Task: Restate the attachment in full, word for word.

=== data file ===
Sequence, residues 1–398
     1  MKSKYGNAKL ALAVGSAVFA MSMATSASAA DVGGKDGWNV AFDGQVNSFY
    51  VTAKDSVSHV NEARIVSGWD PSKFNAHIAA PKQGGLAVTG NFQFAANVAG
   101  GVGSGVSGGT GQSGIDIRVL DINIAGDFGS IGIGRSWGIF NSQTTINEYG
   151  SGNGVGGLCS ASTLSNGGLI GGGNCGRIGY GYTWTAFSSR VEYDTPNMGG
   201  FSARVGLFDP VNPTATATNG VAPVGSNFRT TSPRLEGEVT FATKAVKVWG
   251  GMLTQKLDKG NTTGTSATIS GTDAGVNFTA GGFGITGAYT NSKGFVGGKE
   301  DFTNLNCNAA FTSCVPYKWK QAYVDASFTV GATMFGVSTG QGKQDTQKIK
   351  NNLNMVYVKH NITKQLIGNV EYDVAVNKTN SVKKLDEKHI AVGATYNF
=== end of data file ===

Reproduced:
Sequence, residues 1–398
     1  MKSKYGNAKL ALAVGSAVFA MSMATSASAA DVGGKDGWNV AFDGQVNSFY
    51  VTAKDSVSHV NEARIVSGWD PSKFNAHIAA PKQGGLAVTG NFQFAANVAG
   101  GVGSGVSGGT GQSGIDIRVL DINIAGDFGS IGIGRSWGIF NSQTTINEYG
   151  SGNGVGGLCS ASTLSNGGLI GGGNCGRIGY GYTWTAFSSR VEYDTPNMGG
   201  FSARVGLFDP VNPTATATNG VAPVGSNFRT TSPRLEGEVT FATKAVKVWG
   251  GMLTQKLDKG NTTGTSATIS GTDAGVNFTA GGFGITGAYT NSKGFVGGKE
   301  DFTNLNCNAA FTSCVPYKWK QAYVDASFTV GATMFGVSTG QGKQDTQKIK
   351  NNLNMVYVKH NITKQLIGNV EYDVAVNKTN SVKKLDEKHI AVGATYNF